Games » Seattle MarinersJul5
This game shows the importance of pitch counts and getting into your opponent’s bullpen. Even if you’re not scoring runs, if you can make the starter work, you can get him out of the game and hope to get to someone less effective. Felix Hernandez threw 112 pitches in seven innings, Brandon League comes into the eighth and, bang, different ballgame.
Brian Bannister got an error on a pickoff throw, but Billy Butler did a bad job of knocking it down. The throw got to first in the air and Billy whiffed. Just like a good defensive catcher gives the pitchers more confidence, a good defensive first baseman can do the same for everyone on the infield. I don’t think Billy’s there yet.
Later in the same inning, a ball was hit over Scott Podsednik’s head, he went back, signaled that he had it, hit the warning track, pulled up too soon and made a leap that made it clear he had no idea where the wall was. The run (which shouldn’t have been on second except for Butler) scored and went on Bannister’s record, but he had a little help…very little.
David DeJesus got points for a terrific slide around the catcher to score. OK, terrific in the sense that it worked. It had all the grace of a stock car flipping end-over-end across a NASCAR infield. In fact, I think David burst into flames and had to be put out by a fire crew, but it still looked beautiful to a Royals fan.
DeJesus and Jason Kendall also got points for getting great reads and going first to third on hits in the eighth inning. People spend a lot of time on hitting, pitching and defense (as they should), but baserunning gets overlooked. If you want to boost an offense, look at baserunning. You can pick up extra runs without extra hits, if you run the bases well.
In the same inning, Jose Guillen wasn’t able to go first to third on Alberto Callaspo’s hit (it would’ve been an iffy attempt, the ball was smoked, but the Mariners’ center fielder froze and wasn’t in position to make a great throw). That meant Mike Aviles’ fly ball that followed was meaningless instead of scoring Jose from third.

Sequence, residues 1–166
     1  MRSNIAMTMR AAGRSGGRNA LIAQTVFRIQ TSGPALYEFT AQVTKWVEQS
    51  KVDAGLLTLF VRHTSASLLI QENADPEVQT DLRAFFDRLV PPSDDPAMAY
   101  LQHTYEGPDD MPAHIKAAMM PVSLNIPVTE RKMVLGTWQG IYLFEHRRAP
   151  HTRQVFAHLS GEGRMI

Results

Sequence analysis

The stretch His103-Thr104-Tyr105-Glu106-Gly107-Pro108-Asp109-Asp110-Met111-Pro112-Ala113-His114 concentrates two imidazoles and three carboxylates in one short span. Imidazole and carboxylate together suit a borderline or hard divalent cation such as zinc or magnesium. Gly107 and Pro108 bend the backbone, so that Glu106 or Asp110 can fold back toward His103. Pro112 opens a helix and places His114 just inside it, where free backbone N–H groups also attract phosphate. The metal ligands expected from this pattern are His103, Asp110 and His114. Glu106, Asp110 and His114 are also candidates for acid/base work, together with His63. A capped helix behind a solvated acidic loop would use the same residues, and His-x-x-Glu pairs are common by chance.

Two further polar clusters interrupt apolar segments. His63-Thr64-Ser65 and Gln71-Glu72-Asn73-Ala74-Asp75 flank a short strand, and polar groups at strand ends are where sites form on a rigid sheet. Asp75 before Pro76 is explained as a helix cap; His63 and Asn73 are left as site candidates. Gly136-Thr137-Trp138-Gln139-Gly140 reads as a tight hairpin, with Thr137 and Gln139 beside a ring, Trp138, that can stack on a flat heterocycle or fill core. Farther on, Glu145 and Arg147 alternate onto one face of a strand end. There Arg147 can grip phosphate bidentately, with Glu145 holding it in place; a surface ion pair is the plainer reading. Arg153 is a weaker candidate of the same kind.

Betancourt’s pitch selection…
Yuniesky Betancourt’s pitch selection, not good at the best of times, gets even worse with a run in scoring position. He becomes the Will Rogers of baseball (he never met a pitch he didn’t like).
In the eighth, score tied, two outs, bases loaded, with an 0-1 count, Yuniesky went well out of the zone and grounded out 6-3. In the bottom of the eighth, Milton Bradley pinch hit for the Mariners’ starting catcher, Rob Johnson.
In the 10th, Yuniesky comes up with two outs and Mitch Maier on third representing the winning run. Chad Cordero is now pitching, and he gets two quick strikes on Betancourt. I’m thinking “throw a breaking pitch in the dirt and this inning’s over,” but it’s a slider in the zone that Yuniesky drives into the outfield to score the winning run.
This part’s speculation, but I wondered if Josh Bard (who was now behind the plate) was not so hot at blocking pitches, and that prevented Cordero from burying one. (Hey, back to my “unseen worth of Jason Kendall” theme!)
A wild pitch followed in the next at-bat, which put Betancourt on second, allowed Podsednik to drive him in for an insurance run and possibly provided the answer as to why Chad Cordero didn’t bury that pitch to Betancourt.
There should be a mental mistake against either Mike Aviles or Alberto Callaspo, but I don’t know who missed the sign. Mike thought he was bunting to move Alberto over in the 10th, but Alberto thought it was a hit and run.
Callaspo was out by so much, the shortstop had time for a cup of coffee and a cigarette while he waited for Alberto to arrive. This was a bad thing to screw up in a tie ballgame in extra innings and could’ve been a disaster if not for the Royals’ ability to put together two-out rallies. If I find out who missed the sign, I’ll get it into the system later.